Campus Life

U of L neuroscientist earns election to the Royal Society of Canada

Acknowledging a lifelong career with exceptional contributions to the field of neuroscience, the University of Lethbridge’s Dr. Robert Sutherland, Board of Governors Research Chair, Chair of the Department of Neuroscience and Director of the Canadian Centre for Behavioural Neuroscience (CCBN), has been elected to the Royal Society of Canada (RSC).

Dr. Robert Sutherland's work revolutionized the understanding of how the hippocampus is involved in the storage of new memories.

“It’s absolutely thrilling and it’s really gratifying to know there are colleagues who have been working at the highest level in Canada who recognize our contributions and voted to elect me into fellowship,” says Sutherland. “It’s a tremendous honour and I think it’s also an acknowledgement the University of Lethbridge is a mature research-intensive institution that can hold its own in many areas. It’s a great tribute to all the people who put in efforts to create a neuroscience program, and that includes undergraduate students.”

Sutherland began studying neuroscience before it was a recognized field and he has watched it grow over the years. In the 1970s when he was starting his post-secondary studies, neuroscience courses were typically found in psychology departments.

“It’s been very exciting to be with the area of neuroscience from its inception all the way to now,” he says. “It’s been fantastic, a really good ride.”

Following the completion of his PhD at Dalhousie University in Halifax, Sutherland joined the U of L as a post-doctoral fellow under Drs. Bryan Kolb and Ian Whishaw. His key focus was on developing better ways to measure memory in non-human animals. He devised methods that are now used by drug companies and laboratories around the world.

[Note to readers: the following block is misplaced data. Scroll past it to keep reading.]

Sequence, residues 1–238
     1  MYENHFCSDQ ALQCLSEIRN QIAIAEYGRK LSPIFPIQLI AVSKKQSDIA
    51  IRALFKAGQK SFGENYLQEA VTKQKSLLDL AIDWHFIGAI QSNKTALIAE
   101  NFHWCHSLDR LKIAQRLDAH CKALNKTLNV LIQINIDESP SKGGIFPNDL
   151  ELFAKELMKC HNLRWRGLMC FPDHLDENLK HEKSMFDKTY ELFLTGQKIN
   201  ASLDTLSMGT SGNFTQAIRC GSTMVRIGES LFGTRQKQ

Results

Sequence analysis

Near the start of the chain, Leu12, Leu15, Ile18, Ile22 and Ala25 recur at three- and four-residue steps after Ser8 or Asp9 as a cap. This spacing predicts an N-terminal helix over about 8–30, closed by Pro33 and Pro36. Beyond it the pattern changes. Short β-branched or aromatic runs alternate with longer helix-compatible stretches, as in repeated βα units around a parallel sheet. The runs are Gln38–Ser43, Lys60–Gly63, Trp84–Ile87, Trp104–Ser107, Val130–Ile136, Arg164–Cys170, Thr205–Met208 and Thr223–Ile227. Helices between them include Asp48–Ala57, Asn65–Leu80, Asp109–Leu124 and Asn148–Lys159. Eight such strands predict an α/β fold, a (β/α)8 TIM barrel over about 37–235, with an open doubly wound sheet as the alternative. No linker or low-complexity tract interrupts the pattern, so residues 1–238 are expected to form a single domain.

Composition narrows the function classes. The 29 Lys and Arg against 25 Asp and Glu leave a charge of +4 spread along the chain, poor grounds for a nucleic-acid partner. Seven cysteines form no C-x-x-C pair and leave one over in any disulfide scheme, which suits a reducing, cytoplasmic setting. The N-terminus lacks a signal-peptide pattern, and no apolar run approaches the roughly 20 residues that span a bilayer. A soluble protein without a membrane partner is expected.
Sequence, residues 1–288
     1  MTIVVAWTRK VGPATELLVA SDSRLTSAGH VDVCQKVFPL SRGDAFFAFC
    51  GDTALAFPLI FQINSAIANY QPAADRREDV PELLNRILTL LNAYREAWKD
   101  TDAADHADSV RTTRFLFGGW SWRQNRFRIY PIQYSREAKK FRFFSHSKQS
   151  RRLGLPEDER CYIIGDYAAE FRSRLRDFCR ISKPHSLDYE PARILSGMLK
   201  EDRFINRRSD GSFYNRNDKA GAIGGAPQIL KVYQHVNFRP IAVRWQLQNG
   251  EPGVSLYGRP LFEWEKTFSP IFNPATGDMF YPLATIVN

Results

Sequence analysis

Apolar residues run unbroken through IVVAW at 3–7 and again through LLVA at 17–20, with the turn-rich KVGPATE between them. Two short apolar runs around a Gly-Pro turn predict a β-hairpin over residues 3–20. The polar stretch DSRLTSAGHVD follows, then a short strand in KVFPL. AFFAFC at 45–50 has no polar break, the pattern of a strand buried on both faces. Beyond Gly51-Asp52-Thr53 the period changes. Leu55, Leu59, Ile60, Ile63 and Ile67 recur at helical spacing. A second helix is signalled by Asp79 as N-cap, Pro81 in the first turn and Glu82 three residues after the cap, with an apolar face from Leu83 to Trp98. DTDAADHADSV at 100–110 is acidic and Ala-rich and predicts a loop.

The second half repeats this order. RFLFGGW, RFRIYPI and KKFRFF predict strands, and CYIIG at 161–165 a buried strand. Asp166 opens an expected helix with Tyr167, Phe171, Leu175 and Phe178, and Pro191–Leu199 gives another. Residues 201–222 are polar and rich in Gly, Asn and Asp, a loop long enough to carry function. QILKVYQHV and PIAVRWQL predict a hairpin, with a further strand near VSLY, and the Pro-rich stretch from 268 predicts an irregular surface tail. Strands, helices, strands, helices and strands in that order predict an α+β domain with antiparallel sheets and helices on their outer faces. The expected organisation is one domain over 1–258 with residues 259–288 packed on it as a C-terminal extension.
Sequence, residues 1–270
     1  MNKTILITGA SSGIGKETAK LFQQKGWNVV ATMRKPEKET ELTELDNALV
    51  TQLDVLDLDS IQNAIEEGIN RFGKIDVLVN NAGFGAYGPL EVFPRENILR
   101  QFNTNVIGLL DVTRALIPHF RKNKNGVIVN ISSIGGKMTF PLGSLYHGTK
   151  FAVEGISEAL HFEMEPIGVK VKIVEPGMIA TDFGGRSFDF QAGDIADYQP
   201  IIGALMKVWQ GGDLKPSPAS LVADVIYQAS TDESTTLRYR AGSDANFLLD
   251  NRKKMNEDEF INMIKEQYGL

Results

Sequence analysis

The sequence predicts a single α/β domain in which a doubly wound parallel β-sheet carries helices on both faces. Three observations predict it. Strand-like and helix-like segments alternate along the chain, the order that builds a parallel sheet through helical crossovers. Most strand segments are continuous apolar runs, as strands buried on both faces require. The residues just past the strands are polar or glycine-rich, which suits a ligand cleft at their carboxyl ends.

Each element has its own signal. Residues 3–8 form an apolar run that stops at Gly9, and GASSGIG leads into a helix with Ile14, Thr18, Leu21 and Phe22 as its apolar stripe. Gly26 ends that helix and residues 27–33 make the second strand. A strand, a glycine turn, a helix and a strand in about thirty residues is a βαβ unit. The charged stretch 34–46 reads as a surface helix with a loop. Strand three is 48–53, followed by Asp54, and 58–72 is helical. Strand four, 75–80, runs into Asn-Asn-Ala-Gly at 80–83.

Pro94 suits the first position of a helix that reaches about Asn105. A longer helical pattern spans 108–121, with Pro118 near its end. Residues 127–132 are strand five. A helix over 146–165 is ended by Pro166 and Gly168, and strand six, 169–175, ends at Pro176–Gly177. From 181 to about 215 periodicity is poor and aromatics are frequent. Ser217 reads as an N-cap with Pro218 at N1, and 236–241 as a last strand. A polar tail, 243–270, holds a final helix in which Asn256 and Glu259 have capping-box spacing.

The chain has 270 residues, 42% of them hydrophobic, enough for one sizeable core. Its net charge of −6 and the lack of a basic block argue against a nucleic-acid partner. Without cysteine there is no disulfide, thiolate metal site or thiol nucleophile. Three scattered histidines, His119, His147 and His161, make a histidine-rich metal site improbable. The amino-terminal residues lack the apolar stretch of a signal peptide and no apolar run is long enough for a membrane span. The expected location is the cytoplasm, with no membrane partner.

Wanting to expand his skill set and work with students at all levels, Sutherland then took a position at the University of New Mexico. There, he was able to work with students from undergraduate to PhD levels and post-doctoral fellows. During that time, he developed a theory of long-term memory that impacted the field and began focusing on understanding the role of the hippocampus in long-term memory. While scientists generally thought the hippocampus was only briefly involved in the storage of new memories, Sutherland’s work has shown the hippocampus continues to be engaged during memory recall.

He returned to the U of L as a senior Alberta Heritage Foundation for Medical Research scientist when the CCBN building opened in 2001 and the U of L became home to the first Department of Neuroscience in Canada to offer degrees at the bachelor’s, master’s and PhD levels.

“I also morphed my research from purely normal aging to pathological aging and then to Alzheimer’s disease, bringing along the methods and theoretical perspectives I’d acquired over the years,” he says. “Now, in my lab, I’d say half of the work we’re doing is directly related to understanding Alzheimer’s type dementia.”

Sutherland’s election will be formally recognized at the Royal Society’s meeting at McGill University in November. Notably, he’ll become the fourth member of the Department of Neuroscience to receive the honour, along with Drs. Bruce McNaughton, Ian Whishaw and Bryan Kolb.

For more, see this profile.